Why Boeing’s New 737 Will Fly in Europe First

Southwest helped design it, but Norwegian Air will be taking it for an inaugural spin.

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Southwest Airlines Co. was eager to sign up as the “launch customer” for Boeing Co.’s new 737 Max, soon to be the Greyhound of the skies as it replaces its older, less fuel-efficient cousins in fleets worldwide.

But Southwest won’t be first to fly or even receive the new aircraft. That honor will go to a smaller low-cost carrier across the Atlantic, Norwegian Air Shuttle ASA. Norwegian will receive the first Max 8 in May, spokesman Anders Lindstrom said Thursday, with flights starting as early as June.

737 MAX 8 artwork SWA Southwest Airlines
Boeing Co.

Southwest made its bones as the low-cost carrier that famously flies only one airplane family. As Boeing’s largest customer for the 737, it’s been involved in the redesign, which included outfitting the workhorse with a more powerful engine. In 2011, the Dallas-based airline placed the first order for the 737 Max, followed by Norwegian and Indonesia’s Lion Air. Yesterday, Southwest Chief Executive Officer Gary Kelly said his airline will get the first of its 200 737 Max’s by July—two months earlier than expected, but two months after Norwegian. 

The Max’s sprightly release clip has prompted delivery questions for both Southwest and Boeing, given that an aircraft’s launch customer typically gets—and flies—the new plane first. This sort of arrangement has been upended before, when Airbus A320neo, destined first for Qatar Airways Ltd., didn’t arrive as planned. Qatar chief Akbar Al Baker last year balked over glitches in the A320neo’s engine software and refused to take the first plane, which went instead to Lufthansa.

There’s more to being a launch customer than bragging rights—although that's a large part of the appeal of being the first to market with a shiny new jet. Aircraft makers also promise that their newest models boast lower fuel and maintenance costs than prior airplanes, providing an immediate bottom-line boost to airlines.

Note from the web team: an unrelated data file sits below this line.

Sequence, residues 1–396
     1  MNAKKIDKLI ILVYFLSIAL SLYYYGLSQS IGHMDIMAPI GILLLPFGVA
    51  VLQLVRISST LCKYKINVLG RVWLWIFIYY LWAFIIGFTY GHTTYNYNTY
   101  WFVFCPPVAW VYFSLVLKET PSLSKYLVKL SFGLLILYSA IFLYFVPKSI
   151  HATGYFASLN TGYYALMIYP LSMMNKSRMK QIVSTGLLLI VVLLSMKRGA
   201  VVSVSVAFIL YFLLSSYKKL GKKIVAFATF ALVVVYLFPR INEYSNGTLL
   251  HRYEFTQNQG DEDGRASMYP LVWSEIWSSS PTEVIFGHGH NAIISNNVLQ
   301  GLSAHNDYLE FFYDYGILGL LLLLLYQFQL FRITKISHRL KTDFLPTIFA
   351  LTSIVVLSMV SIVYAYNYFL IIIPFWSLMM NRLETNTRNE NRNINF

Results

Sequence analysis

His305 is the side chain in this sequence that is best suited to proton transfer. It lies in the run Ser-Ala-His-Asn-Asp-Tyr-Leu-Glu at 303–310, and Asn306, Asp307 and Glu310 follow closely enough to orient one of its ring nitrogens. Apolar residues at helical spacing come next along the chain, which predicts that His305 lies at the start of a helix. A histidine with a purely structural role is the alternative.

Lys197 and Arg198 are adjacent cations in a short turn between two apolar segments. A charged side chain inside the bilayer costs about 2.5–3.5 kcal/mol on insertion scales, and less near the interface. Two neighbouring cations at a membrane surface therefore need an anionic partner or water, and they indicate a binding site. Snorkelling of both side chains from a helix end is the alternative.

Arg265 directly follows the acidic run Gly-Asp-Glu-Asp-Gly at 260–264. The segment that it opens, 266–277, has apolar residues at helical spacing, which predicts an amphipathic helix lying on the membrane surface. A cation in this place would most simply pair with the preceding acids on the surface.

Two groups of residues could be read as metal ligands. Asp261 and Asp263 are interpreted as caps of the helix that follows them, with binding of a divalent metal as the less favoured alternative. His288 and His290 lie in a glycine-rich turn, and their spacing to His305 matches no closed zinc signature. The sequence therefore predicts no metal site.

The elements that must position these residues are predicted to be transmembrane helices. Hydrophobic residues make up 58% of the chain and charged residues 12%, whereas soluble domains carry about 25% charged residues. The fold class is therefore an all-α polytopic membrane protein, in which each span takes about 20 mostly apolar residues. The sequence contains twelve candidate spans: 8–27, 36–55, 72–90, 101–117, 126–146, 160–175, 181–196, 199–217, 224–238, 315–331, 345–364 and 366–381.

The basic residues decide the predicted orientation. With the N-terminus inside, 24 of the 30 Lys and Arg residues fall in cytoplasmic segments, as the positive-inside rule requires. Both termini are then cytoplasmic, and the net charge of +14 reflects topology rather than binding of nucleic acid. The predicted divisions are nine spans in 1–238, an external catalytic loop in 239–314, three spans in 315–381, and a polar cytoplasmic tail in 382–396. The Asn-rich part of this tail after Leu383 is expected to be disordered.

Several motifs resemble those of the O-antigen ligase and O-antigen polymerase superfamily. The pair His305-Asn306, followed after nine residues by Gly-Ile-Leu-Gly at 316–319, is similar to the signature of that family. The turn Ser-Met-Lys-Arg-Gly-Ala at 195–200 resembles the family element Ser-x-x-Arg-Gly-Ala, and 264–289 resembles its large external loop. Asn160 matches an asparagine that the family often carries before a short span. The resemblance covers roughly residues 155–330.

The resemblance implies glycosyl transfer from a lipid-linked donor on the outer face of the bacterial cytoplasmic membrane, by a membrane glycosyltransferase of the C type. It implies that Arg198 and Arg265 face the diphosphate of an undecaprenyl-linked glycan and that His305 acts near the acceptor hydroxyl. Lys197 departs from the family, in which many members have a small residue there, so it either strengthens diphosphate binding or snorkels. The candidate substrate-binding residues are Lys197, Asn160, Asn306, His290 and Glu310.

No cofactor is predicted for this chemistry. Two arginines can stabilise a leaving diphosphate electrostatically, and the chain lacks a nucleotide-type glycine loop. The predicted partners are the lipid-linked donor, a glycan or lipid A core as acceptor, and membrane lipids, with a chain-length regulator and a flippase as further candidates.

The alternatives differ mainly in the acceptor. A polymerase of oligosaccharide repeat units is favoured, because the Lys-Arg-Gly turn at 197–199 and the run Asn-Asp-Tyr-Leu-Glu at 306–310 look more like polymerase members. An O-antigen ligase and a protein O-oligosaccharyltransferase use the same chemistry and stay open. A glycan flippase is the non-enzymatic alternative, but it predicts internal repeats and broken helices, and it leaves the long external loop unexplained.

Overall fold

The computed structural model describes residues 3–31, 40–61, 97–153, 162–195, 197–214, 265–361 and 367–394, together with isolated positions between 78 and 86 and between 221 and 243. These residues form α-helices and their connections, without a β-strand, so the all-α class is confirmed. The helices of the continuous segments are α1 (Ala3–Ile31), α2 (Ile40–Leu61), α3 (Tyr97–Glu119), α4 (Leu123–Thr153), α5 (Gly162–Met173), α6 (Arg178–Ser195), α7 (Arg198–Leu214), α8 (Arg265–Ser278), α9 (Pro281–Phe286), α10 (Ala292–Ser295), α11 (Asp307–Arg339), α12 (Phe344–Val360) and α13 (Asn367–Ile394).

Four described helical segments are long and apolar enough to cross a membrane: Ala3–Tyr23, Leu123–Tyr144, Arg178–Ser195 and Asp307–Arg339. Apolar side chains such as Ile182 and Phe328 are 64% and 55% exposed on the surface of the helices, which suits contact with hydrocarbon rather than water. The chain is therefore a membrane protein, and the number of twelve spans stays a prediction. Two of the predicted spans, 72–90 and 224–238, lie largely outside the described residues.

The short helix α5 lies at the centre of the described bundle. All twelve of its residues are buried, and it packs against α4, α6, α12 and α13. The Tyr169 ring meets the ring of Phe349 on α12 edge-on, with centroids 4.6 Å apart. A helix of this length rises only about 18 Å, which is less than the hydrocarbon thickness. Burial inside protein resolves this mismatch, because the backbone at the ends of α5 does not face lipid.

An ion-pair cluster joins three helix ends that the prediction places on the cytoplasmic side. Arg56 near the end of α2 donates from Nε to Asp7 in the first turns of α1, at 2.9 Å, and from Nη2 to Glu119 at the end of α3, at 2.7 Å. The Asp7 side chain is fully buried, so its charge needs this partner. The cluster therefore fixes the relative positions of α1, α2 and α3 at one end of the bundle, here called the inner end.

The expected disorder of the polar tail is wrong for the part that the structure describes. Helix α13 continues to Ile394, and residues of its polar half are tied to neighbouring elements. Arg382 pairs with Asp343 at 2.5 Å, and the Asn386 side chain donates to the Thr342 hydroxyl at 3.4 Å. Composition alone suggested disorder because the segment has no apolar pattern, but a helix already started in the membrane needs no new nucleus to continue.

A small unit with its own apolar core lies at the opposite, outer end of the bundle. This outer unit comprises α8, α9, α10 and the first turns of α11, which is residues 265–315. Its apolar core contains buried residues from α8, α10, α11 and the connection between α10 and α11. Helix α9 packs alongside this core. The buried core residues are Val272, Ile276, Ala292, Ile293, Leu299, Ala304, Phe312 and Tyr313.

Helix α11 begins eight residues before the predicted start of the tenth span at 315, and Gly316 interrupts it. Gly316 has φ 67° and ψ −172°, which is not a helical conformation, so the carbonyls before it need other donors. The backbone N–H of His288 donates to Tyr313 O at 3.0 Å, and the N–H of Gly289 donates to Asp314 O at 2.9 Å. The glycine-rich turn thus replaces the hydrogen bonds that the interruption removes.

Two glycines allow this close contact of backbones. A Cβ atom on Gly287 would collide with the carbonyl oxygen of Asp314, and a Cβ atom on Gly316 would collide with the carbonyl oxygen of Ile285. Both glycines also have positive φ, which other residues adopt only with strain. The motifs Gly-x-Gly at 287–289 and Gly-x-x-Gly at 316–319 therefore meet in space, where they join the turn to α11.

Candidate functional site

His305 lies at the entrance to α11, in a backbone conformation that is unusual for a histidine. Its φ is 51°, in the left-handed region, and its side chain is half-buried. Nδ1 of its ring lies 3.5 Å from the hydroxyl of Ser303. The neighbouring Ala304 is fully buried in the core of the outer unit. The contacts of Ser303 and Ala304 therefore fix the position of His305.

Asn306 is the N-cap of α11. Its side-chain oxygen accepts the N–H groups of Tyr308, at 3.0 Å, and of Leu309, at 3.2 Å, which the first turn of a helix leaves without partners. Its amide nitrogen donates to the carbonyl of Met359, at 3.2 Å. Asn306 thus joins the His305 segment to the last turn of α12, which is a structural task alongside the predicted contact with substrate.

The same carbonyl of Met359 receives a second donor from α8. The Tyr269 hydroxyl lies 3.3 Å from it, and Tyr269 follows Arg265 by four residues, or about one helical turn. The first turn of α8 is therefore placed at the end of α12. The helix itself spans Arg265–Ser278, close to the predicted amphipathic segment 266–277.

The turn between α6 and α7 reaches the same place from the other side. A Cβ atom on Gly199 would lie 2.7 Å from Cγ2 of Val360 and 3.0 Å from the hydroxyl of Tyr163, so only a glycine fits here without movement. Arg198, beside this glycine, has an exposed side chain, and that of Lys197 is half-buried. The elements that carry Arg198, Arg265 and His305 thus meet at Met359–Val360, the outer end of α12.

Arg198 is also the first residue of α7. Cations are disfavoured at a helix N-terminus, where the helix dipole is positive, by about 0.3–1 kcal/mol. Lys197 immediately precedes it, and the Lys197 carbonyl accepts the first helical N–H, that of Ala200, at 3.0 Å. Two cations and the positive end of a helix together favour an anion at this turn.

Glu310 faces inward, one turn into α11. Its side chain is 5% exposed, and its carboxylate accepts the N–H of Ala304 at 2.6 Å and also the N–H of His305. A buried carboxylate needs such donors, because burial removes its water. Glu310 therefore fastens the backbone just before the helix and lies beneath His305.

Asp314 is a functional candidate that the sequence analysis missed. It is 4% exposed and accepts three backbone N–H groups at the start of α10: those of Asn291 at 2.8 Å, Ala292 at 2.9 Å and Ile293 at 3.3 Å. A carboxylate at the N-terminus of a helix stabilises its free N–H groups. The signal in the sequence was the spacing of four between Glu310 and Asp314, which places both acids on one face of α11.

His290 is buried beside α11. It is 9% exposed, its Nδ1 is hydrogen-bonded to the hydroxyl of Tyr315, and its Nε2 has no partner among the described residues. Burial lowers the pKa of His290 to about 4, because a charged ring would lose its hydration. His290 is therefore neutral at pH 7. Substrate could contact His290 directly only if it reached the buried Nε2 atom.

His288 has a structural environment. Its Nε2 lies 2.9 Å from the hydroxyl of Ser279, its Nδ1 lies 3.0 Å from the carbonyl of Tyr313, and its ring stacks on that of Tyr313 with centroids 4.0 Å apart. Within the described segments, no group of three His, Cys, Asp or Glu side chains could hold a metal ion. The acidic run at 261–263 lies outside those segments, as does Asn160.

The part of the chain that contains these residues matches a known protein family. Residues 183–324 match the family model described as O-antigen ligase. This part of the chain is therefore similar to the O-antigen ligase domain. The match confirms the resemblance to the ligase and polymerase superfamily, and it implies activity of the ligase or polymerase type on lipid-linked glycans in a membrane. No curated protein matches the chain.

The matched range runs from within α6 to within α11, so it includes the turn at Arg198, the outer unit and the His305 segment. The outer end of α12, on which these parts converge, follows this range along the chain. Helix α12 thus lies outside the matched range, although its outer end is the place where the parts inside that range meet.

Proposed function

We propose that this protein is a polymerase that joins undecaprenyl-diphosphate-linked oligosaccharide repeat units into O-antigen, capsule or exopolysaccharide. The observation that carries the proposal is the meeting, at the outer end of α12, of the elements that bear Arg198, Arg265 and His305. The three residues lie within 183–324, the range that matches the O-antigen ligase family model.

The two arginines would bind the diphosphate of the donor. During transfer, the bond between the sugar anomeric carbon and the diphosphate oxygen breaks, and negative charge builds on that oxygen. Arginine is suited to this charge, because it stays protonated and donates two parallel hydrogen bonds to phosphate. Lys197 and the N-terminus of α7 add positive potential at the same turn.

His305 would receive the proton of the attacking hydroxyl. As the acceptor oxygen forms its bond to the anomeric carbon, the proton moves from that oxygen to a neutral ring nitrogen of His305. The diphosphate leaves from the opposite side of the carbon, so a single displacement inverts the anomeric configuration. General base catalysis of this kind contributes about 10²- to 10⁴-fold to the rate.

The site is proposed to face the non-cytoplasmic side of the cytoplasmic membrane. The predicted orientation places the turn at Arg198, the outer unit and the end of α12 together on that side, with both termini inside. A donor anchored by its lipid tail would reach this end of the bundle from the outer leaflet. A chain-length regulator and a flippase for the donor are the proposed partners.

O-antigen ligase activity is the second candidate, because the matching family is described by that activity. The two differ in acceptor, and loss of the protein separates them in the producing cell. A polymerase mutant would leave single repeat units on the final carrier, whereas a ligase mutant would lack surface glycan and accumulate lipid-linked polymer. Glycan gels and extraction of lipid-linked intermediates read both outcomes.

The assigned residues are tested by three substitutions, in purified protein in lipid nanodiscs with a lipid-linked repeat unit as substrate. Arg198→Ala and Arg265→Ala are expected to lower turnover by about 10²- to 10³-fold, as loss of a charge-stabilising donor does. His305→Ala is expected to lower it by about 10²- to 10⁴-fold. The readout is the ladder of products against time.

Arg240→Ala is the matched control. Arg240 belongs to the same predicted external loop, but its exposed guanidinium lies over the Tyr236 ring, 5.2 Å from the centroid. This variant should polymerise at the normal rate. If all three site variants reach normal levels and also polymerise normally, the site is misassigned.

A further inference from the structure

“We’re the launch customer, regardless of when we take the first delivery,” Southwest CEO Kelly said of the Max. His chief operating officer, Mike Van De Ven, said Thursday that “we’re the ones that have done the service-ready operational validation for Boeing. We’re the ones working very closely with Boeing to make sure it's operating as everyone intended.”

Boeing’s Max development is on-budget and ahead of schedule. All this good news, as far as production is concerned, is a rarity in an industry renowned for being late to everything.

Southwest plans to put its first Max into service later this year, once it retires its 87 remaining 737-300 Classics, the oldest planes in the fleet. And this is the sticking point: Southwest must first retire those old planes before it can accommodate new ones, a conundrum that traces back to pilot training issues. About 10 of Southwest’s 737 Max planes will be finished by the time the carrier is ready to begin flights in October, Van de Ven has said. The carrier is in talks with Boeing about what to do with those planes between July and October, because several are now parked at the periphery of Boeing’s 737 factory in Renton, Wash.

Norwegian, meanwhile, plans to take delivery of a half-dozen new 737 Max this year and then deploy them for trans-Atlantic service, though it hasn’t revealed which routes or a time frame. The European carrier has been focused on smaller airports in the Northeast U.S., bypassing the large metropolitan hubs.

—With Julie Johnsson in Chicago.

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